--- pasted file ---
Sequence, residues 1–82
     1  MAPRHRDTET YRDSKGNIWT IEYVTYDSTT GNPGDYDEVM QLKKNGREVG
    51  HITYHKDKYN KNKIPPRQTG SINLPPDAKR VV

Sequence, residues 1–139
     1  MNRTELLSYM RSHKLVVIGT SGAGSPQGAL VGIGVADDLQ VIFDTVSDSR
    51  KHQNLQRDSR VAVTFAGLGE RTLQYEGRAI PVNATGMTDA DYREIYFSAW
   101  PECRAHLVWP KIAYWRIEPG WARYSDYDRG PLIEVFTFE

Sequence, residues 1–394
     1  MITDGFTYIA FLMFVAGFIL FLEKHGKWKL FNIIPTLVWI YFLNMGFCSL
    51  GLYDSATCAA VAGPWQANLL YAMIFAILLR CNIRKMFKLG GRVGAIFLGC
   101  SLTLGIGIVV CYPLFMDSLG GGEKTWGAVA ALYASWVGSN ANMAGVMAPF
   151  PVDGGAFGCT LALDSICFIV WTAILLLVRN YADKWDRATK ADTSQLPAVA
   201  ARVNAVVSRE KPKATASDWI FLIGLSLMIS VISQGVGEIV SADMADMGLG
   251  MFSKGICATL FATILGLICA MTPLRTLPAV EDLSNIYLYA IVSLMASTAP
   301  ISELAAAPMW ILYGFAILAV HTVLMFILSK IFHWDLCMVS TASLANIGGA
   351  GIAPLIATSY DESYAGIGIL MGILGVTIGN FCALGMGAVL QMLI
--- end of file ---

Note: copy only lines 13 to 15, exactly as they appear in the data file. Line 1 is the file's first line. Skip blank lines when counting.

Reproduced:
   201  ARVNAVVSRE KPKATASDWI FLIGLSLMIS VISQGVGEIV SADMADMGLG
   251  MFSKGICATL FATILGLICA MTPLRTLPAV EDLSNIYLYA IVSLMASTAP
   301  ISELAAAPMW ILYGFAILAV HTVLMFILSK IFHWDLCMVS TASLANIGGA